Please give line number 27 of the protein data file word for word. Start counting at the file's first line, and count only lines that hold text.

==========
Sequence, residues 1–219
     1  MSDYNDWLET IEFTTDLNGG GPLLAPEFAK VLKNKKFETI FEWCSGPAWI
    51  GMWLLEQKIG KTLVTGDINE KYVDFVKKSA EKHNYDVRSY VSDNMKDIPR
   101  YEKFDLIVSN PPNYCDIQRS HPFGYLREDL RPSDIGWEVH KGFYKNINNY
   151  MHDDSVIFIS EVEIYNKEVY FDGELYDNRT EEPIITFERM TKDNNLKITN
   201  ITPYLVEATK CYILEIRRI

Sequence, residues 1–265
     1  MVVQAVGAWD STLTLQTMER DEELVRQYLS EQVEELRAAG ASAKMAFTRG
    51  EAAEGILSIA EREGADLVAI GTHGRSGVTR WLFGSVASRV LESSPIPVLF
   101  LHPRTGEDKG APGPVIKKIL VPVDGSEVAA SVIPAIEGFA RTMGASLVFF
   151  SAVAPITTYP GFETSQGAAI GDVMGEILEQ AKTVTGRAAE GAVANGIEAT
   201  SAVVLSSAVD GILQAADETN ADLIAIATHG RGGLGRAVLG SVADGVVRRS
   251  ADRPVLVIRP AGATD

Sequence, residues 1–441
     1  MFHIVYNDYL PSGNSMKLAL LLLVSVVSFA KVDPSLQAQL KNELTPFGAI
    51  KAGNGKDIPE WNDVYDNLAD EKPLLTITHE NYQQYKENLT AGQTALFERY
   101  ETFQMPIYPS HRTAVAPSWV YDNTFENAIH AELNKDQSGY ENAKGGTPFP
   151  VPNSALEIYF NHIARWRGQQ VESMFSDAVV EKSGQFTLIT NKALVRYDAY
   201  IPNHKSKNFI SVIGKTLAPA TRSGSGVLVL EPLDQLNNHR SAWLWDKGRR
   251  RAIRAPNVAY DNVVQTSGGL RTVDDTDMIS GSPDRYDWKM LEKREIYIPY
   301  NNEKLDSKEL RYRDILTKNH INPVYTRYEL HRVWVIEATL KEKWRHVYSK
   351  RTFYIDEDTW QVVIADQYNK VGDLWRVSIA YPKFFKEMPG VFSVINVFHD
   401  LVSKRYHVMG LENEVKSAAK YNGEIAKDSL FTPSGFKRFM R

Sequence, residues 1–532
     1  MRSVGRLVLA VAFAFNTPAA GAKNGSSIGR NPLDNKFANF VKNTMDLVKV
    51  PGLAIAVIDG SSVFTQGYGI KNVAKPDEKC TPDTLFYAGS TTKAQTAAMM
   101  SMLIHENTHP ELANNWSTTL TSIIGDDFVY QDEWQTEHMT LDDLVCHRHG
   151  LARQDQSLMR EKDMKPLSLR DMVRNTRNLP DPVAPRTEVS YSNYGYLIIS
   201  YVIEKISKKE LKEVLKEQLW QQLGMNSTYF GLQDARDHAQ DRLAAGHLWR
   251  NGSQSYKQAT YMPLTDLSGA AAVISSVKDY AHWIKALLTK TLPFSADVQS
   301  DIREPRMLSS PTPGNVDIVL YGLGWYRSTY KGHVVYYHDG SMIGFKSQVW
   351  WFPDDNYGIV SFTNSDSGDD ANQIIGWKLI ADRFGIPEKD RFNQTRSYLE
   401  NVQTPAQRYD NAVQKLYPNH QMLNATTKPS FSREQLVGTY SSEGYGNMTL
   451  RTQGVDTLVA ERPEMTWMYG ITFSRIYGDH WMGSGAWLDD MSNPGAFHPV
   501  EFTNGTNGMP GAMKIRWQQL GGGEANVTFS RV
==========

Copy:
   101  SMLIHENTHP ELANNWSTTL TSIIGDDFVY QDEWQTEHMT LDDLVCHRHG